By Jan Carabeo

PHILADELPHIA (CBS) — In a landmark decision, the U.S. Supreme Court ruled on Monday that some companies can opt out of the new health care law that requires employers to pay for insurance coverage of contraceptives by citing religious objections.

The court’s 5 to 4 decision ruled that the mandate was a violation of federal law protecting religious freedom. The justices made note, however, that the ruling only applies to closely-held corporations.

One company at the center of the lawsuit is Conestoga Wood Specialties, located in East Earl, Pa.

The Hahn family, which owns Lancaster County-based Conestoga Wood Specialties, came together at the company’s headquarters Monday morning to hear the court’s decision.

Their attorney said the high court’s ruling brought relief.

“The group broke out in prayer,” Randall Wenger, chief counsel for Independence Law Center, said.

Conestoga, which employs about 1,000 people, was founded a half century ago by Mennonites. Its mission is to run the family-owned kitchen cabinetry business by following religious principles.

The family’s attorney said the company objects to providing employees with certain contraceptives that it equates with abortion.

“They weren’t objecting to everything, they were objecting to facilitating drugs that they felt like could result in the death of a new human life,” Wenger said.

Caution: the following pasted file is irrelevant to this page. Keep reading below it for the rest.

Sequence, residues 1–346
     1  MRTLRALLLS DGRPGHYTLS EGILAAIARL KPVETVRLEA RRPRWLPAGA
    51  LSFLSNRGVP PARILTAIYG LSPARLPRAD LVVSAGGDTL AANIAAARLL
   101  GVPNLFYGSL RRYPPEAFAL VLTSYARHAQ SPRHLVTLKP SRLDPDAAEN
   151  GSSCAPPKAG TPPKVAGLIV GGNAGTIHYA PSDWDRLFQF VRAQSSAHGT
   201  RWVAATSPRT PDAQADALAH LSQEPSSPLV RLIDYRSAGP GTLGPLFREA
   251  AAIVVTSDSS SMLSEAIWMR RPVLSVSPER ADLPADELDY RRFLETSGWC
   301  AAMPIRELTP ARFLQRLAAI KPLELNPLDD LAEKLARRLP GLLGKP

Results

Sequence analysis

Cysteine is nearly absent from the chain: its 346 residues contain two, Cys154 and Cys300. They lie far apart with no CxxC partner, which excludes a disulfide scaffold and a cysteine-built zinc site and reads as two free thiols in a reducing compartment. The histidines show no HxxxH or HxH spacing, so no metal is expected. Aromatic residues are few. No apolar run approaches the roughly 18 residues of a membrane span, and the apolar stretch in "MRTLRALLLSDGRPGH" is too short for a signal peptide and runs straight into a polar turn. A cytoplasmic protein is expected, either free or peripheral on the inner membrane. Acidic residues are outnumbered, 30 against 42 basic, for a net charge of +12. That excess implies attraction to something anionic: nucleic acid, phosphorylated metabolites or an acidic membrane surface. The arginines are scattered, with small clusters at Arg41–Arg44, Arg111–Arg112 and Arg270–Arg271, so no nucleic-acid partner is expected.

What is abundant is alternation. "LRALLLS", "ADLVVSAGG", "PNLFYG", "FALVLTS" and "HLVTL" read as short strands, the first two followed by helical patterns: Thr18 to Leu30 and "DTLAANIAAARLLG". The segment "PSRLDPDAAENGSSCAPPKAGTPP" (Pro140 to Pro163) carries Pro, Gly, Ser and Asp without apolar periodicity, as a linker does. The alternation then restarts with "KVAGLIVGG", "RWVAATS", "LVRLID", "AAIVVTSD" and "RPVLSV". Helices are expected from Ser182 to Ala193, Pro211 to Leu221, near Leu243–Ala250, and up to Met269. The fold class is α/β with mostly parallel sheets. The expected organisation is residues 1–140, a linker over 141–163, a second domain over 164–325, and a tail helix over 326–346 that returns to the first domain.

When Wenger took the case two years ago, he thought it would be an easy victory.

“If the government can tell us that we need to violate our most deeply held convictions in order to run a business, there’s something wrong with our system,” he said.

Conestoga’s attorneys argued that the Affordable Care Act’s requirement not only violates federal law protecting religious freedom, but would also cost the company $36 million in fines a year.

“They wouldn’t be able to stay in business and abide by their conscience,” Wenger said.

Conestoga Wood Specialties was founded in 1964, and the family’s attorney said the Hahns could not have received a more fitting 50th anniversary present than a ruling upholding their religious freedom.

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